The Bigger Picture: Visual Archives and the Smithsonian
You Spin Me Right Round
For a statue, the bronze representation of Joseph Henry, first Secretary of the Smithsonian, sure does get around. Located in front of the Smithsonian Institution Building, or Castle, the statue gazes across the National Mall at the vast museum complex he helped create.
In June of 1880, Congress appropriated $15,000 for the erection of a bronze statue of the late Smithsonian Secretary Joseph Henry on the grounds of the Institution. The Board of Regents, the governing body of the Smithsonian, was authorized to contract sculptor William Wetmore Story for the design and sculpture of the Joseph Henry statue.
At the time of its unveiling on April 19, 1883, the statue was located on the National Mall, about 150 feet northwest of the Castle facing the west wing. In 1934, the National Mall was reconfigured and the statue was relocated to the front of the Castle's north central entrance. It's well known, and quite well documented, that Joseph Henry wasn't particularly fond of the Castle, yet Secretary Charles Greeley Abbot approved facing the statue toward the building.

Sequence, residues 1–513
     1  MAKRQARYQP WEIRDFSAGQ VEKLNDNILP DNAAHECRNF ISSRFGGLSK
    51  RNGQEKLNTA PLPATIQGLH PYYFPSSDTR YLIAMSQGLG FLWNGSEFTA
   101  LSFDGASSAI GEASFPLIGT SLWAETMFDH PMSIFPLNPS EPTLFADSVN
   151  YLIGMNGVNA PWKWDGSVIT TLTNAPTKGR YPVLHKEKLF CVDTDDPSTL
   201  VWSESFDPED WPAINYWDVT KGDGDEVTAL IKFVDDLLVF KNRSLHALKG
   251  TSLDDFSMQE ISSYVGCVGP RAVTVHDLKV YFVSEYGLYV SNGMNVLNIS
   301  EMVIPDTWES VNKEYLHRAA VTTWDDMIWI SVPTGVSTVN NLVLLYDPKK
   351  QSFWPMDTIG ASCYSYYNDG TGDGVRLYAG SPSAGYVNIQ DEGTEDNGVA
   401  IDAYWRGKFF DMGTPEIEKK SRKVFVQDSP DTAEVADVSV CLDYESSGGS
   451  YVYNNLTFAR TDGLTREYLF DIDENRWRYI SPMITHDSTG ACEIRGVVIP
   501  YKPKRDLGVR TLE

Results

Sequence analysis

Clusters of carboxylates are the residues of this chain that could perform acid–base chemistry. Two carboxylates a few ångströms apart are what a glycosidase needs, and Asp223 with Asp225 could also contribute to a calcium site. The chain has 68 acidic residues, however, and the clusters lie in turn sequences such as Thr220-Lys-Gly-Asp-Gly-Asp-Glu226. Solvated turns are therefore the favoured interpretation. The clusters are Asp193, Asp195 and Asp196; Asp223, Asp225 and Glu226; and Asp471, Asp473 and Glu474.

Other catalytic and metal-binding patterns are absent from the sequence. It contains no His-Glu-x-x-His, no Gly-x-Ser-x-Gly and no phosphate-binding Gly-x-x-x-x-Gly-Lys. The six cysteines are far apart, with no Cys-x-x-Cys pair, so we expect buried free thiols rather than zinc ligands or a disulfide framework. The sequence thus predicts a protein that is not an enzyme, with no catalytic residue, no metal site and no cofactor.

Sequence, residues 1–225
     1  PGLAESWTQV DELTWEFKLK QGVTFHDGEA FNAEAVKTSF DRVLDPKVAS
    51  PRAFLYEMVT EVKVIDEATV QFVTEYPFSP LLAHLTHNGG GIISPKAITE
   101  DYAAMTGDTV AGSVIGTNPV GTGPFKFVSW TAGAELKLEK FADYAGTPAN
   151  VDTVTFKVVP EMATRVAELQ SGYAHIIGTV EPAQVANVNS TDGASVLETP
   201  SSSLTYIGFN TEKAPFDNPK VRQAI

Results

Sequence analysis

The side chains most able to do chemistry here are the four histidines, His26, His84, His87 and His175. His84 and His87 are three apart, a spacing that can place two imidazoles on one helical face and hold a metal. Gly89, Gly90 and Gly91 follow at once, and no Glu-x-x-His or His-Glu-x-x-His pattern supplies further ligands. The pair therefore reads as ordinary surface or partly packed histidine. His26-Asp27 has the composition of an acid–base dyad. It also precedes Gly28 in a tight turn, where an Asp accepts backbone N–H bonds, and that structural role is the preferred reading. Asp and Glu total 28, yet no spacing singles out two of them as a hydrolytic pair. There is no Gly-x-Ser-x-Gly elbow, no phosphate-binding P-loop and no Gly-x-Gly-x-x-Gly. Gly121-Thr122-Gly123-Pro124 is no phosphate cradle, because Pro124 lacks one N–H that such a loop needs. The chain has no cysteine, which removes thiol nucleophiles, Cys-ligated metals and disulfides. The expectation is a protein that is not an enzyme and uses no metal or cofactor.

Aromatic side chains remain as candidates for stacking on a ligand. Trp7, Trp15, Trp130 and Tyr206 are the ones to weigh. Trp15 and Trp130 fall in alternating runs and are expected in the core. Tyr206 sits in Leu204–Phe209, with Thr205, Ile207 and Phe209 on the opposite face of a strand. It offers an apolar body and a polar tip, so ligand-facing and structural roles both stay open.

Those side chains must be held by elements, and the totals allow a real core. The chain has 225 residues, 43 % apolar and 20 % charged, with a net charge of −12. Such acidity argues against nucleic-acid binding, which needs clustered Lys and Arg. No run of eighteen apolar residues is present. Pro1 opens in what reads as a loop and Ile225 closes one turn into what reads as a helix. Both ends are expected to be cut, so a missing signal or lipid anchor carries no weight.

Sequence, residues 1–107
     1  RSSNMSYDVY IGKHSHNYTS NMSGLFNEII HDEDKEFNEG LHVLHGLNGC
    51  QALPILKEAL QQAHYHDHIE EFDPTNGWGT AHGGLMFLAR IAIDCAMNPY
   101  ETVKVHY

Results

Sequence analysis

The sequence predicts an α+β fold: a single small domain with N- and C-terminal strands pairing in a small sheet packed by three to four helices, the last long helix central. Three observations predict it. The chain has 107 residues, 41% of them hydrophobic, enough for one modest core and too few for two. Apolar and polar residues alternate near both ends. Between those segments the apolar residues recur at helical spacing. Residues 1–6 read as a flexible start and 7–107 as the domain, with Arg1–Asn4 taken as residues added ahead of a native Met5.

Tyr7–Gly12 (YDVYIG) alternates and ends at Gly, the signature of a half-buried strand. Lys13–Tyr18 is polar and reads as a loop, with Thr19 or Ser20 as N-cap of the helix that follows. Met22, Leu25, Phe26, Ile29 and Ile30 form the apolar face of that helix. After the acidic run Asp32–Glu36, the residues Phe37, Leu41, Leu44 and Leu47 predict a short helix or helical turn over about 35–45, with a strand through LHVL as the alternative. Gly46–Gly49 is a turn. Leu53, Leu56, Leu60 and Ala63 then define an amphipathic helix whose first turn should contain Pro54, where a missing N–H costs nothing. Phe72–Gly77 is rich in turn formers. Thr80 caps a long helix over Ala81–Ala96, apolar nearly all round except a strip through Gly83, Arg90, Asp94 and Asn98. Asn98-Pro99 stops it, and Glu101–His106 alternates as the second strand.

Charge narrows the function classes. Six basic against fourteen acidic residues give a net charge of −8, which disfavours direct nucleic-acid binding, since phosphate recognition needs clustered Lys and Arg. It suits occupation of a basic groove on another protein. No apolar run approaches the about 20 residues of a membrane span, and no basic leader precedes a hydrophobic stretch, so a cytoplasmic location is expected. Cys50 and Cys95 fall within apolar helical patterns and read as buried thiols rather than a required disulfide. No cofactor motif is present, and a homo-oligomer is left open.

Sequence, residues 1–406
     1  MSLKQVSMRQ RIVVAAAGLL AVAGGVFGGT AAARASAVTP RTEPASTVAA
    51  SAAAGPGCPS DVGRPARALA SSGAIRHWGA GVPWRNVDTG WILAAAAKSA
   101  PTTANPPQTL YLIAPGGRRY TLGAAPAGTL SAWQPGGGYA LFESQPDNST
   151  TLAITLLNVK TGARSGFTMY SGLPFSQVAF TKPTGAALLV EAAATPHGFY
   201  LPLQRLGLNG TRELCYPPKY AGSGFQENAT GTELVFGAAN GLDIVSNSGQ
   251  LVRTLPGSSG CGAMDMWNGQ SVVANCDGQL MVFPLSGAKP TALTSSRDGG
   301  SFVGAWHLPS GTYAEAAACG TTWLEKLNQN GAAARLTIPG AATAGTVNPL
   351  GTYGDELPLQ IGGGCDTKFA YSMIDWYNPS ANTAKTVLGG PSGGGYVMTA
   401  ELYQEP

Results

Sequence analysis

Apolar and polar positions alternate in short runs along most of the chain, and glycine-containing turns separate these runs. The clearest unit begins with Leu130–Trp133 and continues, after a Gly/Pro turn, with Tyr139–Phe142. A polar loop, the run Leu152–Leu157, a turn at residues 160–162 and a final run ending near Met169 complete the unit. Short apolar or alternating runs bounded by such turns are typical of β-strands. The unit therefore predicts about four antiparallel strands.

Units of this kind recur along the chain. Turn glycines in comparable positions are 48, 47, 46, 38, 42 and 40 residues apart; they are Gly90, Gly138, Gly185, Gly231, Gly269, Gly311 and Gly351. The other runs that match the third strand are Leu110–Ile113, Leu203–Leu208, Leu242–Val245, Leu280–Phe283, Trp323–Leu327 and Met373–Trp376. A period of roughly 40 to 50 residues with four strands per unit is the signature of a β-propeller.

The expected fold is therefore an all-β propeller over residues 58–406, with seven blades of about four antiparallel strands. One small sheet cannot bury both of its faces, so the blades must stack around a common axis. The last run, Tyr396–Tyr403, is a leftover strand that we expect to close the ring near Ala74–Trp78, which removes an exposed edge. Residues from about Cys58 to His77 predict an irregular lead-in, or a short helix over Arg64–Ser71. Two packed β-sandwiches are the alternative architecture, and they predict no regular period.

The construction of the Castle was an item of contention for Henry as he questioned the practicality of using up resources that could be devoted to scientific pursuit on the building of a self-indulgent and fanciful structure. He believed it to be a "fantastic and almost useless building," an "immense absorbing reservoir" of the Institution's funds, and a "sad mistake." The Castle included living quarters for Henry and his family, so not only did he work inside its walls, he lived inside them and he died inside them. The decision to face his statue towards the building relegated his likeness to stare indefinitely at a structure he despised.
The 1965 Bicentennial Celebration of James Smithson's birth prompted a dizzying move for the Joseph Henry statue. In May of 1965 Secretary S. Dillon Ripley had the Joseph Henry statue turned around to face Smithsonian museums across the Mall so that he might look upon the legacy of his devotion to the increase and diffusion of knowledge.